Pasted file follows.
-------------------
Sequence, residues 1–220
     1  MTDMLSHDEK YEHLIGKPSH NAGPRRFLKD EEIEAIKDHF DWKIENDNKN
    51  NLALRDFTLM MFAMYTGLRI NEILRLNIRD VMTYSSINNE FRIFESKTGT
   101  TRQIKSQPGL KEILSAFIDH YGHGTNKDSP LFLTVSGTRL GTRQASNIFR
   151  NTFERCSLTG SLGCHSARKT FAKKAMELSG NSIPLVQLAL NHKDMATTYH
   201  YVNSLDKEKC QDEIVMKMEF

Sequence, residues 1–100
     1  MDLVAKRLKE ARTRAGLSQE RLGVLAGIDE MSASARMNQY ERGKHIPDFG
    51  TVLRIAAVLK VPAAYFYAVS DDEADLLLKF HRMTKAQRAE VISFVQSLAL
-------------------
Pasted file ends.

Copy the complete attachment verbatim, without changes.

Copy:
Sequence, residues 1–220
     1  MTDMLSHDEK YEHLIGKPSH NAGPRRFLKD EEIEAIKDHF DWKIENDNKN
    51  NLALRDFTLM MFAMYTGLRI NEILRLNIRD VMTYSSINNE FRIFESKTGT
   101  TRQIKSQPGL KEILSAFIDH YGHGTNKDSP LFLTVSGTRL GTRQASNIFR
   151  NTFERCSLTG SLGCHSARKT FAKKAMELSG NSIPLVQLAL NHKDMATTYH
   201  YVNSLDKEKC QDEIVMKMEF

Sequence, residues 1–100
     1  MDLVAKRLKE ARTRAGLSQE RLGVLAGIDE MSASARMNQY ERGKHIPDFG
    51  TVLRIAAVLK VPAAYFYAVS DDEADLLLKF HRMTKAQRAE VISFVQSLAL